Howard Marks, the legendary founder of Oaktree Capital Management, is out with his latest quarterly memo and it is titled “Liquidity”. Marks offers us a treatise on liquidity in capital markets as he delves into the illusion of liquidity that many investors assign to mutual funds and ETFs. He also reviews the costs of liquidity, both implicit and explicit.
The following excerpt is a textbook example of Marks’ mastery of conveying financial market concepts with ease:
“It’s often a mistake to say a particular asset is either liquid or illiquid. Usually an asset isn’t “liquid” or “illiquid” by its nature. Liquidity is ephemeral. It can come and go. An asset’s liquidity can increase or decrease with what’s going on in the market. One day it can be easy to sell, and the next day hard. Or one day it can be easy to sell but hard to buy, and the next day easy to buy but hard to sell.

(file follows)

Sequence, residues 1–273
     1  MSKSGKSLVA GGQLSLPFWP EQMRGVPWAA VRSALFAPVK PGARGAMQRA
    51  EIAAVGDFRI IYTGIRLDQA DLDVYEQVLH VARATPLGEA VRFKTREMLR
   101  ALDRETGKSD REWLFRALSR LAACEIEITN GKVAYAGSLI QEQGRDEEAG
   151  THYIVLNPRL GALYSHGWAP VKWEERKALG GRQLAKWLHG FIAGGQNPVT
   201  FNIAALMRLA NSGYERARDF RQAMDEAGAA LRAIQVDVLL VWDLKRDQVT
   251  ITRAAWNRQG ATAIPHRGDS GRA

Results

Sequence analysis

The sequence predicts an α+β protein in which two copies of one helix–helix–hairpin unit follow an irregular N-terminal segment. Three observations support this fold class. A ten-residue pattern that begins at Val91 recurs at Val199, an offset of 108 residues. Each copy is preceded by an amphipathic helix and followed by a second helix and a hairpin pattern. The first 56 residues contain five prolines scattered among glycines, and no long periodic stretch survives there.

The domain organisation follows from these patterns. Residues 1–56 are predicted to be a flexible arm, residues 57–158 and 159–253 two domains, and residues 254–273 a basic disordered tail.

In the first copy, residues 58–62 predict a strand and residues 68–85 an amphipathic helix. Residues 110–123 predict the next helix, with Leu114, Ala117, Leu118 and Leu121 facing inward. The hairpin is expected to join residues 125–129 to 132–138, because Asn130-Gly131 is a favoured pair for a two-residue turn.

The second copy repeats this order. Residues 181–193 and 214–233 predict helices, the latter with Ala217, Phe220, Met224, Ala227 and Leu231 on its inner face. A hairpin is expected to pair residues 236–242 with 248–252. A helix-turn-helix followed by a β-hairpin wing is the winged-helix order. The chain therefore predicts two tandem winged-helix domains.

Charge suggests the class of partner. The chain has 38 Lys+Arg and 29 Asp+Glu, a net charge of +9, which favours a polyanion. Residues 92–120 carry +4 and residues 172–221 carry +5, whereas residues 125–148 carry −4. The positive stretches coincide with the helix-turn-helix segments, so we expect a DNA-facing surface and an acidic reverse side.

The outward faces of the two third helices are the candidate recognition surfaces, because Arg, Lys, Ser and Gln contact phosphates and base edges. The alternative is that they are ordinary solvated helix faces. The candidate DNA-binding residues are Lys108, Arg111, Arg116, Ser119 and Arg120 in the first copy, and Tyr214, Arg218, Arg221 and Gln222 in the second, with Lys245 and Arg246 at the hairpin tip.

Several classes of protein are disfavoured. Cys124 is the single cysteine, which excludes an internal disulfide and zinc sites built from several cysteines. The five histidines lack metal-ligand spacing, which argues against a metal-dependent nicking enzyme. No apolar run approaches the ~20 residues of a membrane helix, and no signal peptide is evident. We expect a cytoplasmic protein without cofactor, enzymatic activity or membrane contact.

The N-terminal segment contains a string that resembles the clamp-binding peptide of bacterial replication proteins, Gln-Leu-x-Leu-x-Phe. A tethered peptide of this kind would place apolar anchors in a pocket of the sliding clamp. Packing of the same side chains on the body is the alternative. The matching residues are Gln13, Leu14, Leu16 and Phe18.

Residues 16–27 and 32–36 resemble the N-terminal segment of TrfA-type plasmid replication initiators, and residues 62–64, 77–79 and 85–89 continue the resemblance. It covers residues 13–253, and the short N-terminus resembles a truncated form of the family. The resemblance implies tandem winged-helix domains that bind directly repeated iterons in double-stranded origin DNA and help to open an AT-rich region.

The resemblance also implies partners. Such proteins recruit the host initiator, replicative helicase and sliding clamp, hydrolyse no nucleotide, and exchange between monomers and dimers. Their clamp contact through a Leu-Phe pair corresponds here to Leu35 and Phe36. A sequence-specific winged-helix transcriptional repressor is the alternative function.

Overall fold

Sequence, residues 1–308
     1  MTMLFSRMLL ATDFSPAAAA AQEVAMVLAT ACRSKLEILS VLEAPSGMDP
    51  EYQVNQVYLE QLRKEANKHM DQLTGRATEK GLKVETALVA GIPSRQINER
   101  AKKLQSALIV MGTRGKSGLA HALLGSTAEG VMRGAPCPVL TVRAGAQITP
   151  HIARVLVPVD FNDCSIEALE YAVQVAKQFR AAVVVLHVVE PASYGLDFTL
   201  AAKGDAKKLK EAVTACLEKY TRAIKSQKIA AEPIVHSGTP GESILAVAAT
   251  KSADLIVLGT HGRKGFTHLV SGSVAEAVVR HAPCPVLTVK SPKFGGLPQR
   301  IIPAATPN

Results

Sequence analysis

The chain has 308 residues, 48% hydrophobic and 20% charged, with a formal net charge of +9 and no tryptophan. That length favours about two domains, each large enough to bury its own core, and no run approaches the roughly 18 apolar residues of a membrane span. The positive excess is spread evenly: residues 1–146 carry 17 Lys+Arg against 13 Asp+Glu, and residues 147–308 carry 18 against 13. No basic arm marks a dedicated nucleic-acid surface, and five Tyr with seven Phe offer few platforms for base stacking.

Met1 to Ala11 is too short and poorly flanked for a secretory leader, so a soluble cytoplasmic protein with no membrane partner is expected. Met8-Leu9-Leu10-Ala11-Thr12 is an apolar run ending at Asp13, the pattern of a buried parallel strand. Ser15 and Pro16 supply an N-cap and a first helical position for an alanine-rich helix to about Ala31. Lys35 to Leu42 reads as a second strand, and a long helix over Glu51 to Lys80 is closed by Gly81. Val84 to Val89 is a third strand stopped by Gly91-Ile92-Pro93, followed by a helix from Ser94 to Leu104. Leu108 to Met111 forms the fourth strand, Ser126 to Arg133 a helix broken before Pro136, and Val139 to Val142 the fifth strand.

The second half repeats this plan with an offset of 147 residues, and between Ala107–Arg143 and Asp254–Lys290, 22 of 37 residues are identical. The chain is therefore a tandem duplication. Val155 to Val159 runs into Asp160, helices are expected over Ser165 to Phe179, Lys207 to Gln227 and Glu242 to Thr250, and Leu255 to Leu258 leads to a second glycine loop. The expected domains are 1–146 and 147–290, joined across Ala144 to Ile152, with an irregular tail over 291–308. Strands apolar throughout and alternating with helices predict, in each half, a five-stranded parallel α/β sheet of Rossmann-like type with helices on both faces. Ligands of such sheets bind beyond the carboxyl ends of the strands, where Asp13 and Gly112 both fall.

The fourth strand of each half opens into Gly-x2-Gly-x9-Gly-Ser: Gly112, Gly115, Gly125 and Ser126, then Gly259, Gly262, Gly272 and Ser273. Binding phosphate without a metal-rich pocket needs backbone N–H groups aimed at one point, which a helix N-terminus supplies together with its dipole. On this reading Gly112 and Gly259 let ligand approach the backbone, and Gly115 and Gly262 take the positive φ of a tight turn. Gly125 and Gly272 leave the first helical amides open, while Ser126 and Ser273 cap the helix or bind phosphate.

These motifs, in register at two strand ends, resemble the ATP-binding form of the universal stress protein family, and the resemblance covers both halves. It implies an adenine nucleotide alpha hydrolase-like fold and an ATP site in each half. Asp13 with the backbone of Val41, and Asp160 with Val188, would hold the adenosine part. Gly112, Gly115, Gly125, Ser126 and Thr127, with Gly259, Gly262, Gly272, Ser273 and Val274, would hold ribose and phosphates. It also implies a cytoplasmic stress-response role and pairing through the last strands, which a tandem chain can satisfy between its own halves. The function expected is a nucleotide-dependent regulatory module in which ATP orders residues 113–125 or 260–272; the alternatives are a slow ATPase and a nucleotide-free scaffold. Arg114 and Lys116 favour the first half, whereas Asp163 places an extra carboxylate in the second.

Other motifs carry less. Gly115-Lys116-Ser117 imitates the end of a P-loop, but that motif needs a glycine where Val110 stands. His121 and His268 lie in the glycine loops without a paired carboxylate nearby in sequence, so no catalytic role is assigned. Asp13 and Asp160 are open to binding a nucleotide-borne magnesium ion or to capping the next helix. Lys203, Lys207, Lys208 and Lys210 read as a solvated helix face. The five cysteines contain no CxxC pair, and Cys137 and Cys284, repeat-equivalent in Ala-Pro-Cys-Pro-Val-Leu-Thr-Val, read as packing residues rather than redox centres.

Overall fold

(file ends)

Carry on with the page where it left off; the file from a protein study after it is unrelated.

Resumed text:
In other words, the liquidity of an asset often depends on which way you want to go…and which way everyone else wants to go.”
We have witnessed this phenomenon of ephemeral liquidity on numerous occasions, however, it usually only becomes pronounced during times of extreme financial market stress such as the 2008-2009 Global Financial Crisis or the 2007-2010 US real estate market crash.
We are experiencing this phenomenon currently in the Canadian junior resource space as liquidity is only available for the best names in the sector and investors are pushing for very cushy terms in return for providing companies with financing. Marks also discusses the opportunity that arises from markets which are illiquid:
“On the other hand, at the right time, investors can make tremendous amounts of money simply by being willing to supply liquidity (or accept illiquidity)…
A high degree of concern over illiquidity can push investors to avoid it to excess. For example, institutions whose realities could permit a long-term investment approach sometimes decide to invest only in things they can get out of quickly.”
This is exactly the condition we are witnessing in the junior space as investors still stung from the recent multi-year bust period are reluctant to get involved with anything. It will be the investors who step in to provide liquidity and/or who are willing to accept illiquidity who will profit handsomely over the coming years.